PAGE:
Panama: Catholic sister considers dam a violation of indigenous people's right to religion

A set of mysterious petroglyphs lie at the heart of the indigenous Ngäbe-Buglé religion and written language — and those petroglyphs now lie at the bottom of a stagnant, foul-smelling reservoir. The flooding caused by the Barro Blanco hydroelectric project nearly three years ago constitutes an ongoing violation of their religious and cultural rights, say Ngäbe-Buglé leaders, in addition to causing widespread damage to orchards, farmland and fishing that the communities depended on for food and livelihood. Sr. Edia "Tita" López of the Sisters of Mercy agrees.

Catholic sister draws on Marxist ideology to fight for domestic workers

Ever since she was a young teenager, Sr. Clara Pitchai has worked to promote the welfare of domestic workers in India — an interest that prompted her to become a card-carrying member of the Communist Party for 14 years. The Oblate Missionaries of Mary Immaculate sister is now leader of a 5,000-member union, educating domestic workers on social justice and conducting leadership training programs.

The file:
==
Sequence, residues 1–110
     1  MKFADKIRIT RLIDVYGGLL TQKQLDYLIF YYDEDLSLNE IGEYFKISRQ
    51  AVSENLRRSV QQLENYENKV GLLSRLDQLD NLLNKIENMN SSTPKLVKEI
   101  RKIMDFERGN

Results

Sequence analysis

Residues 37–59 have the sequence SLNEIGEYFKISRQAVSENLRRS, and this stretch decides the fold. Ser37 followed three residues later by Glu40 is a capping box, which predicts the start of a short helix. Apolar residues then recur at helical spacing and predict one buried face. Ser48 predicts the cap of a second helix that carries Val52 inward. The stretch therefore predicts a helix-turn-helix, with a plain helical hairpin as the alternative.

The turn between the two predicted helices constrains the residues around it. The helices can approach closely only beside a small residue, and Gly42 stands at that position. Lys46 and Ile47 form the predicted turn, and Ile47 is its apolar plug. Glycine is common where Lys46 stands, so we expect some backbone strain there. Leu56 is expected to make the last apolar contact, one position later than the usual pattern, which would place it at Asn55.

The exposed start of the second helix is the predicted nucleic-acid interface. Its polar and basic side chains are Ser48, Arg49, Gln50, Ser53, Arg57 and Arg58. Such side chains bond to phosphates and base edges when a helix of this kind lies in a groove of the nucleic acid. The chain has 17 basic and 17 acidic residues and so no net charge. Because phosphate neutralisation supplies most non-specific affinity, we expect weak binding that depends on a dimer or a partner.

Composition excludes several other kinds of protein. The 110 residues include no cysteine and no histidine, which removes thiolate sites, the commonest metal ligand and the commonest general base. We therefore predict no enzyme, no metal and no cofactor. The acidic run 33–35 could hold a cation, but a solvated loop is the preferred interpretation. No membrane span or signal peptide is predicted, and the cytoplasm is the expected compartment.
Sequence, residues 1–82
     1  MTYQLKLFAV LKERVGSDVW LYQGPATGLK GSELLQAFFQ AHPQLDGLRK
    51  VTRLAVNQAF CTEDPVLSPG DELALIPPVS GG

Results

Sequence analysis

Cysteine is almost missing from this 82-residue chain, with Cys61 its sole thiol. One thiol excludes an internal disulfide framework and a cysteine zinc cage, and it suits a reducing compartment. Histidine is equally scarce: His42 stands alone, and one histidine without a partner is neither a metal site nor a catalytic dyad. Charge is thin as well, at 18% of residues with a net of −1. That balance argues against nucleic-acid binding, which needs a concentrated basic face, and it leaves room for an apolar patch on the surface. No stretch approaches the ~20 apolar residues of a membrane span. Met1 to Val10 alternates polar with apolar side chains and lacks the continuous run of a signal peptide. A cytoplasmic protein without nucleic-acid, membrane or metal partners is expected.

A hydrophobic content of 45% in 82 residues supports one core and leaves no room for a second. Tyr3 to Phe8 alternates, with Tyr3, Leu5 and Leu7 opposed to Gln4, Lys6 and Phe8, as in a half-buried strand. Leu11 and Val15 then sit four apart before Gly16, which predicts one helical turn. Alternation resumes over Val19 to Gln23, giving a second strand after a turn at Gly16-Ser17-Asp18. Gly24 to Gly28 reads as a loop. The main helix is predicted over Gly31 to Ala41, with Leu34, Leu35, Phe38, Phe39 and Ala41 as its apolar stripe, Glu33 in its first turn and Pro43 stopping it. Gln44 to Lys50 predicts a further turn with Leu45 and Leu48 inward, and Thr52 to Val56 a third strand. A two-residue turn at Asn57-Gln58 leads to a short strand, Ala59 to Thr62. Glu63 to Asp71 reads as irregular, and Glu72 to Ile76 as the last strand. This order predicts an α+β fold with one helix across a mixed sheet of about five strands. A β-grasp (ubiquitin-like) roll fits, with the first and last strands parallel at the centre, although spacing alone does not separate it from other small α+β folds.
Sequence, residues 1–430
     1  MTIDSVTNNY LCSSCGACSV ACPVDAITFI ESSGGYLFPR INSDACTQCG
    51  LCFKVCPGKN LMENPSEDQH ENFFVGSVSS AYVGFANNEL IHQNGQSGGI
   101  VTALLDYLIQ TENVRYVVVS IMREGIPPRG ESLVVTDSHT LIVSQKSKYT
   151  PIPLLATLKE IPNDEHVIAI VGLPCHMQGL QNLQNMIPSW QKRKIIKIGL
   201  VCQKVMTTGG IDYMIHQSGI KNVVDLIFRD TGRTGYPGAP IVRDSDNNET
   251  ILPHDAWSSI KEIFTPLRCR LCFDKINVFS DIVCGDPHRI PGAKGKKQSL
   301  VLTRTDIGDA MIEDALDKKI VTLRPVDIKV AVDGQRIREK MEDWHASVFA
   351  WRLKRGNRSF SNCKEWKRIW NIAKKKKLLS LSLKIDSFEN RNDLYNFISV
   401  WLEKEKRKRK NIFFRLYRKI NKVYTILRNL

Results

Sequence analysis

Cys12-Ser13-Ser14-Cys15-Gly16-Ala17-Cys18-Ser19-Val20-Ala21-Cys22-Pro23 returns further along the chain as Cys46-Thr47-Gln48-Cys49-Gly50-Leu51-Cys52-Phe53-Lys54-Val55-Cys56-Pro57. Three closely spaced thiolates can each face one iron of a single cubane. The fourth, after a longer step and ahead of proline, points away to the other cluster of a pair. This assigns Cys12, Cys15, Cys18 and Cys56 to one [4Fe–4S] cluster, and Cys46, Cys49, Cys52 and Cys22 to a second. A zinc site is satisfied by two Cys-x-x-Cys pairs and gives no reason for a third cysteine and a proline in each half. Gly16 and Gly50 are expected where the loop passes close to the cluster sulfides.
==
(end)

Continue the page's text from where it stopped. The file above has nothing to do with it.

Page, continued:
Q & A with Sr. Cynthia Mathew, who sheds light on India's Dalit at the UN

Sr. Cynthia Mathew had battled India's oppressive caste system in Bihar state for years before going to New York to work in the United Nations. The member of the Congregation of Jesus continues her fight for justice for Dalit. Since 2017, Mathew has been working toward innovative thinking on sustainable development with the Loreto Sisters, who have U.N. Economic and Social Council accreditation. 

Dominican sisters educate struggling child laborers in Vietnam slums

Life for children whose parents migrate to Vietnam's capital to make a living re-selling leftover produce, fish and plastic bags usually does not include formal education, but since 2010, the Dominican Missionary Sisters of Phu Cuong have been helping some attain literacy and move on to public schools. Their Binh An (Peace) Development Center in Ho Chi Minh City currently provides free education for 316 children, ages 5 to 15.